Did Russia Just Invade Ukraine?

Did Russia Just Invade Ukraine?

The news: In what Ukrainian officials are describing as an invasion and massive power-grab by the Kremlin, Russian forces appear to have flexed their muscle in the Crimea region of the Ukraine to strengthen Kremlin-allied forces against pro-Western protesters.


Image credit: New York Times

Hundreds of well-equipped, heavily-armed troops in camouflage and bearing no insignias have taken over civilian parts of the airport in Crimea's regional capitol of Simferopol, as well as deployed elsewhere throughout the region. Flights have continued to operate and as of yet no shots have been reported fired. A military airport near the Russian fleet at Sevastopol has also reportedly been occupied.

Russian Foreign Minister Sergei Lavrov insisted to Secretary of State John Kerry on Friday that no Russian forces have taken moves beyond securing their own military assets in the country, such as the Russian fleet. He might have been telling the truth — technically. According to The Daily Beast's Josh Rogin, the forces in control of the airport are not Russian military units but instead mercenaries working for the Russian private military company Vnevedomstvenaya Okhrana. Think of them as Russia's Blackwater, for-profit men of war willing to take themselves where the military can't, won't, or isn't capable of moving to.

"They don't have Russian military uniforms and the Russia government is denying they are part of the Russian military. Actually most of them may be Ukrainian citizens. But these are people that are legally allowed to perform services to the Russian fleet," Dimitri Simes of the Center for the National Interest told Rogin.

If the accounts are true, then the use of mercenaries rather than Russian military units would constitute a distinction without a difference. It would indicate that Russia is tired of waiting on the sidelines and sour after watching President Viktor Yanukovych lose control of the country, and has decided upon direct interference in Ukrainian affairs as their method of action.

The two nations have a long and intertwined history. Nikita Kruschev's Russia granted Crimea to the Ukraine in 1954. Currently, the region's ethnic composition is 50%+ Russian, while about a quarter are Ukrainian and just over 10% are Crimean Tartars, a mainly-Muslim populace terrorized and deported under Stalin's rule. Russia views their close relations with the Ukraine as both a matter of national pride and a crucial geopolitical asset. It has responded poorly, to say the least, to any indication that Ukraine wants to change the nature of their relationship.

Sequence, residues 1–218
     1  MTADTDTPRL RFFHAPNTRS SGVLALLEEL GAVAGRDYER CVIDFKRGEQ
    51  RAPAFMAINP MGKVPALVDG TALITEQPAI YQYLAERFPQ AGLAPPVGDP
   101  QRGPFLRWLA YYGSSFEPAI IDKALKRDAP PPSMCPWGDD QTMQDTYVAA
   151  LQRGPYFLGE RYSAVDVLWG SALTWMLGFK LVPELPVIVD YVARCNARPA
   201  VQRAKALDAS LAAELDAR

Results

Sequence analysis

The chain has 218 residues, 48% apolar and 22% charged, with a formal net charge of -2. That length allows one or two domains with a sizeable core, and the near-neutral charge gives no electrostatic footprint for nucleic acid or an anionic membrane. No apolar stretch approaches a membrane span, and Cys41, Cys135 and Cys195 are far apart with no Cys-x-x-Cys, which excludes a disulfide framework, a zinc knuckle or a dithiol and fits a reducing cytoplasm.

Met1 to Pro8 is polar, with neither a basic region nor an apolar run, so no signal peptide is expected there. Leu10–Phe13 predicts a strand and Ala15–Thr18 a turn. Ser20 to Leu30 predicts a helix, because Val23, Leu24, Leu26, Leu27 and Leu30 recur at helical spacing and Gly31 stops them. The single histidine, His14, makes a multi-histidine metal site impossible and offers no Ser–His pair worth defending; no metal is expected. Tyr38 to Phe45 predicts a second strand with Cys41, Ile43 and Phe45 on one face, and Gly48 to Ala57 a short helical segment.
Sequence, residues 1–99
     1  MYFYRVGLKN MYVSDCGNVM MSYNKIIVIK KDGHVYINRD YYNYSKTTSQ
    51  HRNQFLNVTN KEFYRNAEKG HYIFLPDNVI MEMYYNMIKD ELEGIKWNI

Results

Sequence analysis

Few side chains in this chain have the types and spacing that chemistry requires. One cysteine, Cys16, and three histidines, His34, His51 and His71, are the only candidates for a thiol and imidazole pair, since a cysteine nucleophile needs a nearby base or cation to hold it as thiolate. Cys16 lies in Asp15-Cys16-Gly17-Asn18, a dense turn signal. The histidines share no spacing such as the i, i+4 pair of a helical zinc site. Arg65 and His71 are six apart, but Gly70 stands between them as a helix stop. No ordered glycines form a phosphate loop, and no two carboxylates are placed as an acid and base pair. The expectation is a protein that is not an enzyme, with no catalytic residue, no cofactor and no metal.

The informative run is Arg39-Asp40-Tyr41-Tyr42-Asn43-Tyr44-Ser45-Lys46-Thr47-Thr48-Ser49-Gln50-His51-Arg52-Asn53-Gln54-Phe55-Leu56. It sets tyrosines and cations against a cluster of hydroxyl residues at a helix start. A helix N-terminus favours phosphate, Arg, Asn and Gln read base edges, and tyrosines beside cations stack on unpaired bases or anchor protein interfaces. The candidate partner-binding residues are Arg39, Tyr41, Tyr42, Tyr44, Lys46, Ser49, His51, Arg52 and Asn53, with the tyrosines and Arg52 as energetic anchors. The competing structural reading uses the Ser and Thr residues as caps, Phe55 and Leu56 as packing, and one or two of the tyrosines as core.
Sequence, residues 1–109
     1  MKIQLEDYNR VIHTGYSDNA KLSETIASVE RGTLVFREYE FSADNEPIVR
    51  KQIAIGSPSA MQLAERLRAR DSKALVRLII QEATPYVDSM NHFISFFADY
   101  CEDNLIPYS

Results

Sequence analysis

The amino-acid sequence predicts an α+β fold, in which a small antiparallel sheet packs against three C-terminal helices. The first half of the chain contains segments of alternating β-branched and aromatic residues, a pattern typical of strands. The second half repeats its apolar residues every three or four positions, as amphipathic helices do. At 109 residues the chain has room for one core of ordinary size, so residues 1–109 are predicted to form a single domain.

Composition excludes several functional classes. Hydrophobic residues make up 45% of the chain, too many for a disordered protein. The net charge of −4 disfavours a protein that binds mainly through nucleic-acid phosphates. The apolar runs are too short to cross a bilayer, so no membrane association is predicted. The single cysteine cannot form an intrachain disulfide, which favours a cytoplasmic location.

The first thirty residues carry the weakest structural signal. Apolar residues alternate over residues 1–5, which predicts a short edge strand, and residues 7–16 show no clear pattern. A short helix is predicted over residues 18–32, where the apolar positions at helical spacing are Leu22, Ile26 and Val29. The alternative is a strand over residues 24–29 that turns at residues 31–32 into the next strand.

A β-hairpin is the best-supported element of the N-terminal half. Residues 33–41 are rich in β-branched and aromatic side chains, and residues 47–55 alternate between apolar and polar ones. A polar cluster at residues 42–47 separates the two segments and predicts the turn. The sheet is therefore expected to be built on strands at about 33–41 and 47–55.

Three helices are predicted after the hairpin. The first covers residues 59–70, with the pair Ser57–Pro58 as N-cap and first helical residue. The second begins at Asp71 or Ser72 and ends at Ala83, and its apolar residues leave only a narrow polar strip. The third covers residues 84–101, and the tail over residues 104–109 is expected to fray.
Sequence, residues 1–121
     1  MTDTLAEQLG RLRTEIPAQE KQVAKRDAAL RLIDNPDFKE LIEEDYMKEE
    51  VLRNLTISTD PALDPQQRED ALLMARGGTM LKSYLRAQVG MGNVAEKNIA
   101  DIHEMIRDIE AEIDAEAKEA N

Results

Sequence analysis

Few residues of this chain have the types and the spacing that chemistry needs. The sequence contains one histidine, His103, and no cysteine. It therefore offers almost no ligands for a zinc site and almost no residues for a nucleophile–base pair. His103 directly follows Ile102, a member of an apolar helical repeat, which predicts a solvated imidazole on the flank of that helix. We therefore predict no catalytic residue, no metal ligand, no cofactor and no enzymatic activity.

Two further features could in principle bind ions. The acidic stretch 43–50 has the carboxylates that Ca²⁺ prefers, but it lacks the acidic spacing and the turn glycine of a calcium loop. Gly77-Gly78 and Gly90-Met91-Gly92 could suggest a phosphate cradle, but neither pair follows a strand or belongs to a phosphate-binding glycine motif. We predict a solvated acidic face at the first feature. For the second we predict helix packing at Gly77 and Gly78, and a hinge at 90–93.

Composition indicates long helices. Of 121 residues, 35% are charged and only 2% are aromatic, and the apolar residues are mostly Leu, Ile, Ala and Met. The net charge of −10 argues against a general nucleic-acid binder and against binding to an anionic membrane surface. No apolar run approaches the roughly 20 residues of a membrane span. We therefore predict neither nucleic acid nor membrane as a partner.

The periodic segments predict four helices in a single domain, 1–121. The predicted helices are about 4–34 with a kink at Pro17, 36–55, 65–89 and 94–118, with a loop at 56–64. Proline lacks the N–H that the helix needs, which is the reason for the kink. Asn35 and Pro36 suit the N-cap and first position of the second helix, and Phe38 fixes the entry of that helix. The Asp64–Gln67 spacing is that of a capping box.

Russian Foreign Ministry sources have not mentioned the occupation of the airport, but say that armored elements of the Black Sea Fleet have been deployed to protect their own positions. Simes argues that the troop deployments are a pretext for two separate objectives: First, to secure the airport against pro-Western protesters trying to prevent Crimean autonomy, and second to establish a secure foothold to which ousted Yanukovych can maintain he is still the democratically elected leader of the Ukraine. Moscow still views Yanukovych as leader of the country, able to authorize any Russian military deployments on Ukrainian soil.

By doing so, Russia can undermine the pro-Western movement in the western Ukraine and ensure that if Yanukovych can't bring Kiev back under control, he can still help establish a pro-Russian autonomous province in Crimea backed by Putin's military. However, Russia maintains a large fleet at Sevastopol and holds other military assets in the region.

Although the U.S. insists that by abdicating his duties and fleeing the country that Yanukovych has essentially terminated his leadership of the Ukraine, the former president was still insisting on his status as head of state on Friday from Russia.

"I intend to continue the fight for the future of Ukraine against those who, with fear and with terror, are attempting to replace the power," Yanukovych tellingly said in Russian — not Ukrainian.

"Nobody has overturned me. I was compelled to leave Ukraine due to a direct threat to my life and my nearest and dearest."

But Yanukovych seemed understandably stressed and in a weak position, perhaps realizing that the western Ukraine would never again accept him as a leader. And the acting Ukrainian leadership is furious, characterizing the occupation as an act of aggression.




Tensions throughout the Ukraine remain high, even between the pro-Western faction in control of Kiev. Ukrainian ultranationalists and neo-fascists have been at odds with the ruling authorities; in one incident documented on video, a fascist leader assaulted staff at a prosecutorial office.

Matthew Rojansky of the Wilson Center's Kennan Institute told Rogin that Putin was severely overplaying his hand.

"If it's true that Russian troops being directed by Moscow are crossing the line from simply securing existing Russian interests in Crimea to undermining Ukrainian sovereignty in Crimea, than Russia stands to lose from that because Russia’s influence in all of Ukraine will wane dramatically."

How much do you trust the information in this article?

Tom McKay

Tom is a staff writer at Mic, covering national politics, media, policing and the war on drugs. He is based in New York and can be reached at tmckay@mic.com.

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